Whenever the boolean in "class2" becomes FALSE I want "class 1" to do stuff;


Is it possible to make something like this:



???

How do I make the periodic event?



Try to look into details for java.util.Observer. You will get a simple implementation for Observer pattern.

 
Jeff Verdegan
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Stanley Mungai wrote:Both you and Ritchie say for example if we write a code to validate email addresses. If they are not valid we do something, the code would be like:




The above will not work.



It works perfectly, although we were talking about using boolean, not Boolean. Either one works just fine though.


However, this would work efficiently as I had advised Jonathan Before Ritchie disputed



No, it doesn't work. And even if it did work, it would be less "efficient" than the boolean approach we are suggesting, but that doesn't matter anyway, because the "efficiency" of the if test is not an issue here. Using String equality to test a boolean or Boolean is bad practice. It's pointless and leads to confusing code.

 
Campbell Ritchie
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Stanley Mungai wrote: . . .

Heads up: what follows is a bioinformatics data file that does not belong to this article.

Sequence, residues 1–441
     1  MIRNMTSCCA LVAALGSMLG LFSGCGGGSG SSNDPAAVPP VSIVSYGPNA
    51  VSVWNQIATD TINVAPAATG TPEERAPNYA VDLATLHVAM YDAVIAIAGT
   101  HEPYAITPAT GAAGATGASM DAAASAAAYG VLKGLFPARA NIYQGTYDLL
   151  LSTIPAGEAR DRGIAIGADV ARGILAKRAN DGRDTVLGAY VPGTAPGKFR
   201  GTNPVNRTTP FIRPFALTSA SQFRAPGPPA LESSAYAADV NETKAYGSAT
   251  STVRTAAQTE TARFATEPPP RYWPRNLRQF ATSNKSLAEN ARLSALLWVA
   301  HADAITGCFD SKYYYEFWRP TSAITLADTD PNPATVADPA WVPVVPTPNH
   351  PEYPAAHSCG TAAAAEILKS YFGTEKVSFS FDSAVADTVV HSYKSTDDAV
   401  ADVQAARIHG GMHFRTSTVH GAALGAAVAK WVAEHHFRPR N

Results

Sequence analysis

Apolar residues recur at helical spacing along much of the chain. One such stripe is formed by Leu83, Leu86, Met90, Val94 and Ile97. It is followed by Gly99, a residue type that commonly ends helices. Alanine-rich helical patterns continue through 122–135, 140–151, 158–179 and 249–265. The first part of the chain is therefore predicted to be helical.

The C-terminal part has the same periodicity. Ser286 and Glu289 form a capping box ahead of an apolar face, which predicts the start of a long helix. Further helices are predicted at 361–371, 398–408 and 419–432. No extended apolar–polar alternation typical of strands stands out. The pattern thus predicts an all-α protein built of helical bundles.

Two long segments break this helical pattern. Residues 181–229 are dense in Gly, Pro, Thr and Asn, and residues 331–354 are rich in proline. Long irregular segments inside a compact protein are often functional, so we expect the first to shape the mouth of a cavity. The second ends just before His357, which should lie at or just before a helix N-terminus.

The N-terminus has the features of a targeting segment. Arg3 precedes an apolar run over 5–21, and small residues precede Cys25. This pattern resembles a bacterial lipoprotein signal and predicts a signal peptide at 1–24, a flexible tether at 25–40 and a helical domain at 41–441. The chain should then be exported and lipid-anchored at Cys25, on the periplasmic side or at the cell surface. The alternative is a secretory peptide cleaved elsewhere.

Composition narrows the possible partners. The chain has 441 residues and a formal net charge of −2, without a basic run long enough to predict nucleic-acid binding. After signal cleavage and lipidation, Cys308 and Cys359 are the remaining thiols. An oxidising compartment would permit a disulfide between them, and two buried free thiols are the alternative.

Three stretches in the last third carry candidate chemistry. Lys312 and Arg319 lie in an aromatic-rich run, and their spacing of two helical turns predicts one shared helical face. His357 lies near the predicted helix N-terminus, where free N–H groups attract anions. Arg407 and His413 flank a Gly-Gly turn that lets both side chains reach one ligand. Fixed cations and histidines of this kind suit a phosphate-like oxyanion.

The above will not work. However, this would work efficiently as I had advised Jonathan Before Ritchie disputed . . .]

That is different from what you posted earlier, because you are writing Boolean and earlier you wrote boolean. The two are very different.
You are still using the == operator on Strings, which is very dubious practice. I have seen code where == worked nicely the first time it was run and failed miserably after serialisation because the String references had become different.

And you should avoid == false and == true. If you want it to be false, you simply write if (!b) (as I missed earlier!).

The nearest I can think of to a periodic event would be something like thisNote that you would have to alter the value of stillRunning somewhere, otherwise that would be an infinite loop. The two people who suggested you implement an observer were far nearer the mark than that.
 
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What about using something like java.beans.PropertyChangeListener? So that a property of a bean changed every object that want to listen to this event will get notified.
 
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Or since JavaFX is now bundled with the runtime, if you can rely on the code being run in an up to date JRE (7u3+) you could use a javafx.beans.property.BooleanProperty and add a javafx.beans.value.ChangeListener. Or even use a Binding.
 
Palak Mathur
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I Wayan Saryada wrote:What about using something like java.beans.PropertyChangeListener? So that a property of a bean changed every object that want to listen to this event will get notified.



This is also a good option.